When are dogs allowed on the beach?

DOG owners can get fined for taking their four-legged to the beach.

To save you any issues, we have pulled together a list of all of the dog-friendly beaches in the UK.

When are dogs allowed on the beach?

There are around 1500 beaches across the UK – and each one will have different rules on their doggy visitors.

A large number of beaches ban dogs from the start of May until the end of September.

Dogs enjoy a trip to the beach as much as their owners (Credit: Flickr/ Charlie Cowins)

Outside of these dates, dog owners will be free to explore the seafront with their pooch.

In other cases, dogs are allowed on the beach all year round.

While another beach might order you to keep your dog on a lead at all times.

If a beach has a pier, it is unlikely that your dog will not be allowed to enter.

Different rules apply for Guide Dogs in the UK.

All dog owners are advised to check the rules of the beach before you set off.

Will I be fined for taking my dog to the beach?

Should dog owners fail to keep their dog from straying into the exclusion zones – which will be clearly signposted on the beach – then they face the prospect of being fined.

Should you be caught in the banned area with your dog, you could be served with a Fixed Penalty Notice of £75.

However, the fine could rise to up to £1,000 should you dispute it and you are then prosecuted through the courts.

There are exemptions to being fined, including if you are registered blind.

Why are dogs banned from going onto beaches?

The main reason for not allowing dogs on to beaches at certain times is for health and safety purposes.

Although most owners will clean up after their pets when they are out, some fail to pick up their dog’s poo. 

Due to a dog’s diet being largely meat-based, leaving their faeces on the beach runs the risk of humans contracting toxocariasis – or zoonosis.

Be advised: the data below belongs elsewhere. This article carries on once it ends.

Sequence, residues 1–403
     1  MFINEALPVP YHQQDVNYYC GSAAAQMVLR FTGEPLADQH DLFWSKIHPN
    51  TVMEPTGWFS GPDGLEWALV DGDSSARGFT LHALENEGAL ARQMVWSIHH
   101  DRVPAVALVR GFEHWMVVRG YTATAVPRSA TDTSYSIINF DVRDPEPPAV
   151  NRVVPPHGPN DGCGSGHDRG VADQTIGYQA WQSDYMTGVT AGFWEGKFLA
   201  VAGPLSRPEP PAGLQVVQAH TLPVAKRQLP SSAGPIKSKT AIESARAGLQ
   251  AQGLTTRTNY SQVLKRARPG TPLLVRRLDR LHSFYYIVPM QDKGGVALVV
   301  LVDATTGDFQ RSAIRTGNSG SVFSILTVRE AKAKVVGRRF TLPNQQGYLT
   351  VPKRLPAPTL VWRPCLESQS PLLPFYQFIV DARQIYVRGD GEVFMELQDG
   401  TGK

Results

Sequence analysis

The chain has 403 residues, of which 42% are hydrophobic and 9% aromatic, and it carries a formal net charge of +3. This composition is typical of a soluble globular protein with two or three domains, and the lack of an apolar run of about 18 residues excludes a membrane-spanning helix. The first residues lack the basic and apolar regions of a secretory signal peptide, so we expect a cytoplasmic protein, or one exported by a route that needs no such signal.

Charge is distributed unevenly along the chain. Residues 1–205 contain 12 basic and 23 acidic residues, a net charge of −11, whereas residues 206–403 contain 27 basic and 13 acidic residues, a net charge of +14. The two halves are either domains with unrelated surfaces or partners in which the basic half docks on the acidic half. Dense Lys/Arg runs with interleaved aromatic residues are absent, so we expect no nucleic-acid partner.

And during the busy months, this becomes even more dangerous – especially for children – with potential problems including blindness and breathing difficulties.

Things to consider when taking your dog to the beach

Dogs love a nice trip to the seaside, just like their human companions. 

But there are a number of rules and tips to consider when heading to the beach.

These include: 

  • Check with beach management to see if dogs are allowed
  • Take poo bags to clear up their mess
  • Bring a lead – dogs have to be on a leash on some beaches at all times
  • Avoid the big crowds
  • Consider some people may not like dogs
  • Take plenty of fresh water and a bowl for your dog
  • Take a first aid kit in case your dog becomes injured
  • Check for local vets in case of emergency
  • Make sure your dog is wearing their collar and ID tag
  • If they are wear a GPS tracker, make sure it is fully charged
  • Take spare towels to dry them
  • Keep an eye on your dog at all times

Can dogs drink sea water?

Dog owners need to be extra careful if their pooch likes to paddle in the sea.

If a dog drinks too much sea water, it will likely suffer with sickness and/or diarrhoea.

It can also make dogs dehydrated due to the saltiness of the water.

Always take a bowl and fresh water with you to make sure your dog is not tempted to taste the ocean.

If your dog has been in the sea, you should wash them when you get home.

If you do not, your dog might be tempted to lick the leftover salt from their fur.

Dogs ears can also become infected if too much water goes into the ear canals.

What should you do during an emergency?

If the worst does happen and an emergency occurs when your dog is in the water, call 999 and request the coastguard.

You should not immediately go into the water yourself to try and rescue your dog.

If your dog is stuck in the water, try to be as vocal as possible from the shore to give them a direction to aim for.

How do I protect my dog from wildlife at the beach?

  • Keep your dog on a lead if you spot any signs that birds are nesting in the area – which is likely on the face of a cliff.
  • If seals are regularly spotted in the area, keep your dog on a lead. Should your dog approach a young seal, the mother is likely to defend them relentlessly.
  • Check the water for jellyfish (dead or alive) before letting your dog go for a paddle. Reminder: Jellyfish can still sting when they are dead.
  • Do not let your dog eat or swallow any seaweed. This could potentially cause a gut blockage or give them an upset stomach.